In the afternoon, April attended an ideation session with entrepreneurs, key leaders and enthusiasts in the Toronto sharing economy. Attendees included the Toronto Tool Library, Trade School Toronto, Etsy Canada, and Repair Café Toronto. The goal of this session was to discuss next steps for an expanding Toronto network, one that aims to raise awareness about collaborative consumption to everyday Torontonians.

April’s evening presentation to the public focused on defining the collaborative economy, highlighting examples of cross-sector collaboration and reiterating the importance of connecting the dots. April charismatically described a pair of goggles that would allow us to see idle assets in a city, whether they exist in government, a household or in a company’s supply chain. It’s important that cities unlock the wealth in these assets, which create an abundance of resources that can provide lots of public benefit to citizens.

At one point in April’s lecture, she mentions that Mayor Park Won-Soon of Seoul, South Korea sees a city as a laboratory to hatch ideas and incubate projects, which is the perfect way to describe the task at hand for cities now. Cities need to determine what platforms resonate with the needs of their citizens and create pilot programs and start taking action. In doing so, they can create an enabling environment to make sharing more mainstream and transform their local communities.

Read about the Vancouver public event here.

Read the blog post "The Sharing Economy: it's more than we think" here

Watch April Rinne’s full presentation:

Video credit: The Collaborative Economy: How sharing is powering a sustainable future – MaRS Global Leadership from MaRS Discovery District on Vimeo.

Credit: Collaborative Lab; posted in Perspectives Videos on by Lucy Gao, Global Curator Team, Canada - twitter

Collaborative Economy Event in Vancouver

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April Rinne, Chief Strategy of Collaborative Lab, was in Vancouver as part of a cross-Canada tour on Thursday 13 February 2014.

April Rinne Speaking 300 Photo Daniel-RotmanAt the public event that evening, she illustrated how the collaborative economy (or "the sharing economy") has the potential to transform the way we design products and services, create sustainable and "shareable" cities, re-imagine public services, reduce waste and connect communities.

Collaborative Consumption and The Sharing Economy: Opportunities for Cities, Organizations, and Well-Being

Featuring April Rinne, Chief Strategy Officer, The Collaborative Lab

RESPONDING PANEL: 
Sadhu Johnston, Deputy City Manager, City of Vancouver
Chris Diplock, Co-Founder, Vancouver Tool Library, Lead Researcher, The Sharing Project (learn more about The Sharing Project here)
Hilary Henegar, Marketing Director, Modo - The Car Co-op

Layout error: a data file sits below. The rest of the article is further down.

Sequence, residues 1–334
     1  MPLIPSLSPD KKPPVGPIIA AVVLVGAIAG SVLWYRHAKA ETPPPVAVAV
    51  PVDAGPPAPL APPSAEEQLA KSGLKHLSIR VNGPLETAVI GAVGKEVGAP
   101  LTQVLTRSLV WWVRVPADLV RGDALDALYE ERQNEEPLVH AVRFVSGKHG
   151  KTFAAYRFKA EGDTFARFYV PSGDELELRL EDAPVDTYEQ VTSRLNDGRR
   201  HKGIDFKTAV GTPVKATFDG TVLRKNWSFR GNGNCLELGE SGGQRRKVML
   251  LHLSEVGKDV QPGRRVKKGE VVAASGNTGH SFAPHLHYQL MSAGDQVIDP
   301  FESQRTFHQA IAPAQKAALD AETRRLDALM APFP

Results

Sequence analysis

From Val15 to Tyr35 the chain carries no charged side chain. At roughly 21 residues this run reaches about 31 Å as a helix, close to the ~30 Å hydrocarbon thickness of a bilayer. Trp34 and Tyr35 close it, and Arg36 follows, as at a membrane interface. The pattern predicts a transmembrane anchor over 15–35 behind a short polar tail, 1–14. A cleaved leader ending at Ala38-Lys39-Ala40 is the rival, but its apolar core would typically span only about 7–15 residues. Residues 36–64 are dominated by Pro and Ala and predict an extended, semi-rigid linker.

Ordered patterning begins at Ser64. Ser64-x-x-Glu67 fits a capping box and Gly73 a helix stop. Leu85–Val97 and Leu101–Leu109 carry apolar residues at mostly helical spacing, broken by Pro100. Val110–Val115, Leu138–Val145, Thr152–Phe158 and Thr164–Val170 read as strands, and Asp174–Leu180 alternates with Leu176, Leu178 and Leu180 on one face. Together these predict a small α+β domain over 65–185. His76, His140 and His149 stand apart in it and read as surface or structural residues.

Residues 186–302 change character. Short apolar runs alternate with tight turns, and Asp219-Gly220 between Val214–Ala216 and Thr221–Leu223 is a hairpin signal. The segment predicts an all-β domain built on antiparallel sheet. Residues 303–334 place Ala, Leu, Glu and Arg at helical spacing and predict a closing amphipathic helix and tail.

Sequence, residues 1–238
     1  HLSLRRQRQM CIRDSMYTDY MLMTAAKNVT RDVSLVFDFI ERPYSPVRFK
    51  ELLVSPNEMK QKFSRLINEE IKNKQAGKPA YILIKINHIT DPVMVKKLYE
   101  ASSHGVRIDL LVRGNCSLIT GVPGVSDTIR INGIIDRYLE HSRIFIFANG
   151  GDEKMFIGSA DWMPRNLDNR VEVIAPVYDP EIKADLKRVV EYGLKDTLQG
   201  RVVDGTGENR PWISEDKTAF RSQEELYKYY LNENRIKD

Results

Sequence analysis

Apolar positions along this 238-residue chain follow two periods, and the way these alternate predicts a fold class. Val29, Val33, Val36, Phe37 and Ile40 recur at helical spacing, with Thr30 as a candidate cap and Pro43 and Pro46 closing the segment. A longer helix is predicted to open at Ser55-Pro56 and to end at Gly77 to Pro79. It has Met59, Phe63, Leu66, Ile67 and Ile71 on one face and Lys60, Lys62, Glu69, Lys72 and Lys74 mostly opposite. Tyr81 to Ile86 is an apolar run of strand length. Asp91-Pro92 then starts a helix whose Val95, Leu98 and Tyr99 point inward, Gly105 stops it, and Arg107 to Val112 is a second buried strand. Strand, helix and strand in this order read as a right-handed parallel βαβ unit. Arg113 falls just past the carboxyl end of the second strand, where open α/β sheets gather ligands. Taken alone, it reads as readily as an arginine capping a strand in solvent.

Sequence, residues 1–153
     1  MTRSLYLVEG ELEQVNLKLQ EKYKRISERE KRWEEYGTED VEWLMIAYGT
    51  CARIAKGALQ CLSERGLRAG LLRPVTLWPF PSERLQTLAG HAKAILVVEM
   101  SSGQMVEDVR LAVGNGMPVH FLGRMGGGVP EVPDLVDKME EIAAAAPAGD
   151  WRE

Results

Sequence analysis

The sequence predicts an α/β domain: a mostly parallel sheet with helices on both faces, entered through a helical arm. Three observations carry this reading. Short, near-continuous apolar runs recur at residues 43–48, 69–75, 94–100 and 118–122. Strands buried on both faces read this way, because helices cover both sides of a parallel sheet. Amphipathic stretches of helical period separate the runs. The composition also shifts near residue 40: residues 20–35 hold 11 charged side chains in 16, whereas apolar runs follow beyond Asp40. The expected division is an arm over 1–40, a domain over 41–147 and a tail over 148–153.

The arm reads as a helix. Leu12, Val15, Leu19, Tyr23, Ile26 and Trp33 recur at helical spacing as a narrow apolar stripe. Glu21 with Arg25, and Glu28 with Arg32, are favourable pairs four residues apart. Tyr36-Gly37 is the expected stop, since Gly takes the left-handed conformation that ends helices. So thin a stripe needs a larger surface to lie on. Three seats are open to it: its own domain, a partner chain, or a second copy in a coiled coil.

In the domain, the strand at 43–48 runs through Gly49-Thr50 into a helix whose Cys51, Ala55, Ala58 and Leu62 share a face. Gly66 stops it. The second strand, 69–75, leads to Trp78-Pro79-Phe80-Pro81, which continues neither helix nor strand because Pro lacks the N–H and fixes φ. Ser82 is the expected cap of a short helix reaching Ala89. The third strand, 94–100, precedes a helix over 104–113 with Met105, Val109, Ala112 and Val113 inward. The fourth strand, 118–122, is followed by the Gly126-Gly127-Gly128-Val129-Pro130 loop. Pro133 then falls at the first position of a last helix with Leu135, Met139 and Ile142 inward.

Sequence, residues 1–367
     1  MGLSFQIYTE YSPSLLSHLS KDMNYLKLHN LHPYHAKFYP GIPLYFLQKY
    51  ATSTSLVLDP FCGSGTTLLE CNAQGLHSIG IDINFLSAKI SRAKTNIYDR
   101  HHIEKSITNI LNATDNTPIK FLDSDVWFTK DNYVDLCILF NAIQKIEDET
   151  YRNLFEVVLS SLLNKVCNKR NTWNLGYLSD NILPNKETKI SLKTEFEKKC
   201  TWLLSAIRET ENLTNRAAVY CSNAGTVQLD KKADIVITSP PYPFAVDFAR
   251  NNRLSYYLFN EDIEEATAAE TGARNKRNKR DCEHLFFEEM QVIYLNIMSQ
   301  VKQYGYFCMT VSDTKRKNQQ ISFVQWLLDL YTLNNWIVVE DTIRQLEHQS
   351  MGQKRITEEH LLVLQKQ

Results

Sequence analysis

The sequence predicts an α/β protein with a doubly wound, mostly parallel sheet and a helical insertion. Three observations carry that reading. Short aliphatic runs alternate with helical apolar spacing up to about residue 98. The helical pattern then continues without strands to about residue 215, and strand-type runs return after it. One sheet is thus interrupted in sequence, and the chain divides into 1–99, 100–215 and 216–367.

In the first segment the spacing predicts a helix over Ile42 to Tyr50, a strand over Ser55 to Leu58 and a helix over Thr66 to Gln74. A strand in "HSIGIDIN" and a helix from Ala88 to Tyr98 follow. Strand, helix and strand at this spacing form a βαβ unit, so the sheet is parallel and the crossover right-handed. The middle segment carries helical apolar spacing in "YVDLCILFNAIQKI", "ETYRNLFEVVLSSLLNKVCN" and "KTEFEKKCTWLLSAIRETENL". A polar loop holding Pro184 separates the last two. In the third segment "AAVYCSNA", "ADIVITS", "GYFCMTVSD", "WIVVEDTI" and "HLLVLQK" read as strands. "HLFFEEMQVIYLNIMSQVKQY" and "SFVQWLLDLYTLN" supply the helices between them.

In Vancouver, April’s visit was hosted by One Earth as part of Cities for People, with partners including Vancity, The Sharing Project, Modo The Car Co-op, City of Vancouver, The HiVE, CityStudio, Board of Change, Village Vancouver, Share Shed, Pogoride, Ashoka, The Extraenvironmentalist, BC Partners for Social Impact and other local partners. Her national speaking tour is co-sponsored by Social Innovation April Rinne 300 Photo Daniel-RotmanGeneration (SiG). Vanessa Timmer (One Earth) and Tim Draimin (SiG) - pictured at the right - joined April across the country.

Read about the Toronto public event here.

Read the blog post "The Sharing Economy: it's more than we think" here.

Watch the video recording of April Rinne's Vancouver public event in Vancouver, recorded at The Hive on 13 February 2013 by The Extraenvironmentalist:

Photo credits: Daniel Rotman 2014

The Sharing Economy: It’s more than we think

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There is a good chance that you’ve heard about “The Sharing Economy”.  It’s drawing attention because of innovations such as peer-to-peer sharing among neighbours including tool libraries and business-to-consumer enterprises including AirBnB.  Instead of keeping our focus here, we can widen our view and find an entire universe of social innovations.  These innovations have the potential to connect us to each other, lessen our impact on the Earth, and experiment with new business models.do-you-like-to-share--300x180

Sharing has always been a part of city life including through libraries, community spaces, guilds, and civic structures. In the past decade, there has been a revival and acceleration in sharing innovations across sectors from mobility (Bixie Bikes, Coop Cars) to accommodation (AirBnB, coachsurfing) to skills (TaskRabbit). Businesses are sharing idle supply chain capacity and joining forces in collective institutional purchasing, and community-based grassroots innovators are creating neighbourhood community time banks and clothing swaps.

“Sharing cars, books, tools can also be expanded to shared, community-owned energy; shared 3D printing facilities; and communal office spaces. Shared ideas, green space, seeds, air, and water have been with us since we set foot on the earth but need protecting.”
– Mike Childs1

“The sharing economy can be manifest in almost every sector of society and corner of the globe. Sectors which have experienced robust traction and interest include accommodation, transportation, tourism, office space, financial services and retail products. Areas where significant growth is expected include [peer to peer] P2P car sharing, ridesharing, errand marketplaces, P2P and social lending, and product rental.”